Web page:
Hans Moravec's book Mind Children: The Future of Robot and Human Intelligence, published in 1988, offers one of the most radical versions in this transhumanistic program. According to Moravec, man, in spite the intellectual grandeur he possesses in the midst of the other animals, is an extremely fragile creature. Such diverse things as accidents, toxic materials, radiation or an unbalanced diet easily damage our bodies. And even when the body functions at its optimum the achievements of our limbs, senses and minds are not particularly impressive. In comparison with many other animals we cannot run very fast, our physical strength is extremely limited and we quickly become exhausted. From time immemorial man has relied on tools and machines to compensate for this. And our mental capacities have relied just as much on external aids such as writing and computers to overcome our limitations in memory and mental capacity. Moreover, we age rapidly and although our average life span of around eighty years is longer than all the other primates it is nonetheless, certainly in the light of our historical awareness, rather limited. And although in the course of history the average life span in some parts of the world has almost quadrupled from twenty years to eighty, the maximum life span appears to have remained unchanged at one hundred and twenty years. Although we can replace defective parts of our bodies by implanting artificial body parts and could increase our resistance to a number of diseases by genetic engineering, according to Moravec we cannot really overcome the inherent limitations of biological material.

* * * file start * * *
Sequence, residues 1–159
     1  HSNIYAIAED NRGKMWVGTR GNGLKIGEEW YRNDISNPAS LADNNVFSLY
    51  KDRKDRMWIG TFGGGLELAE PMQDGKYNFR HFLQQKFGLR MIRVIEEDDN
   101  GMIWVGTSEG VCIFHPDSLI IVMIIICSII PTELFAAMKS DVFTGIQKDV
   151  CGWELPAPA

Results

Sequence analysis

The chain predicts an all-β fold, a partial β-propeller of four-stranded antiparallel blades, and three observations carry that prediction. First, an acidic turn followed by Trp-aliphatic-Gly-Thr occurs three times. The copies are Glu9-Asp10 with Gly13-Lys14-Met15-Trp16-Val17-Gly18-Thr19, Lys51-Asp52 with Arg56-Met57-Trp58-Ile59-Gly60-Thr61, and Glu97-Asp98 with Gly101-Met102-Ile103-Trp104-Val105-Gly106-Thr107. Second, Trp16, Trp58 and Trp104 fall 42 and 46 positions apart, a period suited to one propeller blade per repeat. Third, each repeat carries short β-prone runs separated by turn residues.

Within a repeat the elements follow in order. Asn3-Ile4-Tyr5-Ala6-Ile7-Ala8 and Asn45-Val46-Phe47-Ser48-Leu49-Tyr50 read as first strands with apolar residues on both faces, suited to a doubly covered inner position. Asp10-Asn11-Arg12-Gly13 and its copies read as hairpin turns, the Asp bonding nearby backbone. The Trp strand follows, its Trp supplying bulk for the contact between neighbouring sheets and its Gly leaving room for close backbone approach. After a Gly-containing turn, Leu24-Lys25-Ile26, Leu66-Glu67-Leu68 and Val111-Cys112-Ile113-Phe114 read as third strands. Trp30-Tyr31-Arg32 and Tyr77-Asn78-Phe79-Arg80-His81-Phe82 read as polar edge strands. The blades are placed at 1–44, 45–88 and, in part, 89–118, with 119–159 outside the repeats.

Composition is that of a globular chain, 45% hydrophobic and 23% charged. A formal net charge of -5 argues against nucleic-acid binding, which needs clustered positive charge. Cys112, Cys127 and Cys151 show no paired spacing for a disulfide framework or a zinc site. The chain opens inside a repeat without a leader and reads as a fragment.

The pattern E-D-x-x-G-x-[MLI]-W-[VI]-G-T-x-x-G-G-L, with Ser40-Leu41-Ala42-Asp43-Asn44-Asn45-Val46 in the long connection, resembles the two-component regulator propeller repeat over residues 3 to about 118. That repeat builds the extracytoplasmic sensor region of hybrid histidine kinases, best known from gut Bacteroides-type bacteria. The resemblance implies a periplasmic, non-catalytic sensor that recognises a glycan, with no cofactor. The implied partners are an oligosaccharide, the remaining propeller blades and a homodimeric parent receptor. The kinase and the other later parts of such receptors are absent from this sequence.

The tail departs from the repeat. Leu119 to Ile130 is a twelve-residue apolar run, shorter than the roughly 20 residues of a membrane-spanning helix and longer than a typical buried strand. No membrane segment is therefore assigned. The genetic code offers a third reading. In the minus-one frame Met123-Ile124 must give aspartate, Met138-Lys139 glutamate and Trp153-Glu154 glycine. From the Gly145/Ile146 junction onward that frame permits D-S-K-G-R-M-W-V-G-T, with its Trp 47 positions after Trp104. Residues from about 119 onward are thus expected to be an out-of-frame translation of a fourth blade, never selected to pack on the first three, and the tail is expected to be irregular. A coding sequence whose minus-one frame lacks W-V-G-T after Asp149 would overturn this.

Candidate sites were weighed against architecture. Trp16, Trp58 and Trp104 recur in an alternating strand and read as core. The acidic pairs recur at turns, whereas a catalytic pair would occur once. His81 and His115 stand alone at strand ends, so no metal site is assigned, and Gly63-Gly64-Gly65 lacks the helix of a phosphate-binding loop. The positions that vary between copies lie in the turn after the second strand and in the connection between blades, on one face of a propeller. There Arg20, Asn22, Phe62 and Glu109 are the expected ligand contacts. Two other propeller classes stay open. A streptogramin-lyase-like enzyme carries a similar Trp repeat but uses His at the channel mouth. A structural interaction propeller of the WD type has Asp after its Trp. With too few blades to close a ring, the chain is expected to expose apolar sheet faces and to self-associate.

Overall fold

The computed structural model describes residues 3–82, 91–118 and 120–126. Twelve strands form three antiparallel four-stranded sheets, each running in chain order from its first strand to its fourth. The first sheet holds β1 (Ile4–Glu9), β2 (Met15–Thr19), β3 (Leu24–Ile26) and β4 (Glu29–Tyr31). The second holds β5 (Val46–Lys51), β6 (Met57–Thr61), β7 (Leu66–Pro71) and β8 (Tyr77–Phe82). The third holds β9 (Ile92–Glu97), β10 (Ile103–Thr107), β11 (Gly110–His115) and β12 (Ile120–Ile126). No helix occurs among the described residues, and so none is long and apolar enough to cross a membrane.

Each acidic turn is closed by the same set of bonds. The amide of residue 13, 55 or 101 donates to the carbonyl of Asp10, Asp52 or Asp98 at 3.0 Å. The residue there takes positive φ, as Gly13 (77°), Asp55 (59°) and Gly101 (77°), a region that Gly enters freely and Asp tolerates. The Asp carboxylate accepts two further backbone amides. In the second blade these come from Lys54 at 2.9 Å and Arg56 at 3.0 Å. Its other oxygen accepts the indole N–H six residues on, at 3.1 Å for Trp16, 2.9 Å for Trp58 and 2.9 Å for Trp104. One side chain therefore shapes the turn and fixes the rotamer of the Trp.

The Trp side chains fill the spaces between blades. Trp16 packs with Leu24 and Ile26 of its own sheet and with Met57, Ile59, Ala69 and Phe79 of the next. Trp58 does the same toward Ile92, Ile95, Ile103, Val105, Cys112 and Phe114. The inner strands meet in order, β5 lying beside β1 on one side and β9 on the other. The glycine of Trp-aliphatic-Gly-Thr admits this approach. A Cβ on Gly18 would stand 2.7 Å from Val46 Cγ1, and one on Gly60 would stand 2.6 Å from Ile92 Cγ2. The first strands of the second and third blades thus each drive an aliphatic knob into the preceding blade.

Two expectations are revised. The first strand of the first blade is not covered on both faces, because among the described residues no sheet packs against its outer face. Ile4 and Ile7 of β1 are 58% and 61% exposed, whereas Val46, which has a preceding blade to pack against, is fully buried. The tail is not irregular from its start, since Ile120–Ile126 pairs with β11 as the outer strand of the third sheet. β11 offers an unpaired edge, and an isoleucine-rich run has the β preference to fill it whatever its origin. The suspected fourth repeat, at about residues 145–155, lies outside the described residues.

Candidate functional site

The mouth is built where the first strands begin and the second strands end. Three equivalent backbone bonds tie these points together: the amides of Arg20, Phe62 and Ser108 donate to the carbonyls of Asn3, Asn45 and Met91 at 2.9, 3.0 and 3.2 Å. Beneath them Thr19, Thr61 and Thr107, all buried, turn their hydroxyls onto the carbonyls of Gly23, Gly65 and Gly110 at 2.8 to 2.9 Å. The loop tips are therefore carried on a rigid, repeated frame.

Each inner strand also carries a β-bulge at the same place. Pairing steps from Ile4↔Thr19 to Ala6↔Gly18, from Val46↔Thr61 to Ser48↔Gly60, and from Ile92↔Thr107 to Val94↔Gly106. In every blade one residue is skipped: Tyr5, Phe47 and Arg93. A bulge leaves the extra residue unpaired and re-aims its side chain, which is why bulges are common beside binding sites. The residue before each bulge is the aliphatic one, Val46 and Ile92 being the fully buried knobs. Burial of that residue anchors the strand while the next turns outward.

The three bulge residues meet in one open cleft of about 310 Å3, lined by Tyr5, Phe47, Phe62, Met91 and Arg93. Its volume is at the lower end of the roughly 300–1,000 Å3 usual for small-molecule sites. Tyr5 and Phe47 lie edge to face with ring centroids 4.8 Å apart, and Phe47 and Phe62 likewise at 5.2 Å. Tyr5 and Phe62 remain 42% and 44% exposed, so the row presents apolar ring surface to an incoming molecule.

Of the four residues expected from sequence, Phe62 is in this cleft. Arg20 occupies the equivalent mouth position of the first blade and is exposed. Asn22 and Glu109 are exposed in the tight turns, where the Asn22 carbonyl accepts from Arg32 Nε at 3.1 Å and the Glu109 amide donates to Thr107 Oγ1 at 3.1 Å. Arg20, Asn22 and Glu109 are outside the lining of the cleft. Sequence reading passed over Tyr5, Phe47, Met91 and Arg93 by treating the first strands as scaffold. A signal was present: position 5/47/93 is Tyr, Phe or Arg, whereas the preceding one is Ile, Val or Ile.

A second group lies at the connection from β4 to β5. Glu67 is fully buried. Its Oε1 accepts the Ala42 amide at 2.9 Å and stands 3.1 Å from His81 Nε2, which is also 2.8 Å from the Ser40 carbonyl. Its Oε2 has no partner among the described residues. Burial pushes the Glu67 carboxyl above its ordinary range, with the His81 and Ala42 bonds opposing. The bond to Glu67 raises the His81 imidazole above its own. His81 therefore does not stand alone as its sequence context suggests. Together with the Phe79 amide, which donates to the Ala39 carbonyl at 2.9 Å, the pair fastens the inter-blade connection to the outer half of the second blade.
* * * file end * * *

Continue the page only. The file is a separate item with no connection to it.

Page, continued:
The solution Moravec suggests in Mind Children is the 'downloading' of the human mind into an artificial body that does not have the limitations of the organic body. Moravec suggests a procedure in which a brain surgery robot, equipped with billions of tiny nanoscopic electrical and chemical sensors, scans the brain layer by layer and then makes a computer simulation of all the physical and chemical processes in the brain tissue. This computer program would then be copied in the mechanical 'brain' of the robot. In doing this Moravec postulates that the mind is a (by)product of the material (which arises as soon as a certain complexity is reached), and that the identity of the mind does not lie in the material of which the brain is made, but in the structure and the processes which take place within it. Moravec sees an indication of this 'pattern-identity' in the fact that in the course of a human life all the atoms in the body are replaced, but the structure, and therefore the mind, remains preserved.
According to Moravec, this transmigration of the human mind makes man potentially immortal. By creating 'back-ups' of the mind the destruction of our artificial body would not extinguish our consciousness. Because this would mean that the number of people living on earth would naturally increase even more rapidly than it is already, it will be necessary to continue life on other planets. That would not present a problem, however, because our non-organic bodies would be better suited to the living conditions on other planets than organic bodies and, furthermore, we would be able to transfer our mind extremely quickly via (wire-less) computer networks and download it into another body at the destination. We would also be able to make additional copies of ourselves. But just as in the case of biological cloning, these would quickly acquire a separate life history and therefore gradually grow into other persons.